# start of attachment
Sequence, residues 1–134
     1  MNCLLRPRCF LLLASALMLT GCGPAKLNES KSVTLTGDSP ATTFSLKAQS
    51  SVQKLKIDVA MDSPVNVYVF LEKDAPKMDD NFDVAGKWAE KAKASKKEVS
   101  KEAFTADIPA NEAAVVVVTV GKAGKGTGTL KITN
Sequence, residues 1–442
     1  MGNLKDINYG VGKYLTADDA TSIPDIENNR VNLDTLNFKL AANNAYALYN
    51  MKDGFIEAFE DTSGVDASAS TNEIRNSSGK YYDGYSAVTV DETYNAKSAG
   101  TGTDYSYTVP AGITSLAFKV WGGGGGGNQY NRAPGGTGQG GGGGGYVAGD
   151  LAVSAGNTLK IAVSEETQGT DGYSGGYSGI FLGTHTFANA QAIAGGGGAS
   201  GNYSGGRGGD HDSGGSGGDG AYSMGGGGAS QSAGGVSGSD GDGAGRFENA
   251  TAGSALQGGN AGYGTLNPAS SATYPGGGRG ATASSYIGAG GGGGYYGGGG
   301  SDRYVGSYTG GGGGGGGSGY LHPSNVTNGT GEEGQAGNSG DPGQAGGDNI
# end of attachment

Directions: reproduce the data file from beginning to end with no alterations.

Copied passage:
Sequence, residues 1–134
     1  MNCLLRPRCF LLLASALMLT GCGPAKLNES KSVTLTGDSP ATTFSLKAQS
    51  SVQKLKIDVA MDSPVNVYVF LEKDAPKMDD NFDVAGKWAE KAKASKKEVS
   101  KEAFTADIPA NEAAVVVVTV GKAGKGTGTL KITN
Sequence, residues 1–442
     1  MGNLKDINYG VGKYLTADDA TSIPDIENNR VNLDTLNFKL AANNAYALYN
    51  MKDGFIEAFE DTSGVDASAS TNEIRNSSGK YYDGYSAVTV DETYNAKSAG
   101  TGTDYSYTVP AGITSLAFKV WGGGGGGNQY NRAPGGTGQG GGGGGYVAGD
   151  LAVSAGNTLK IAVSEETQGT DGYSGGYSGI FLGTHTFANA QAIAGGGGAS
   201  GNYSGGRGGD HDSGGSGGDG AYSMGGGGAS QSAGGVSGSD GDGAGRFENA
   251  TAGSALQGGN AGYGTLNPAS SATYPGGGRG ATASSYIGAG GGGGYYGGGG
   301  SDRYVGSYTG GGGGGGGSGY LHPSNVTNGT GEEGQAGNSG DPGQAGGDNI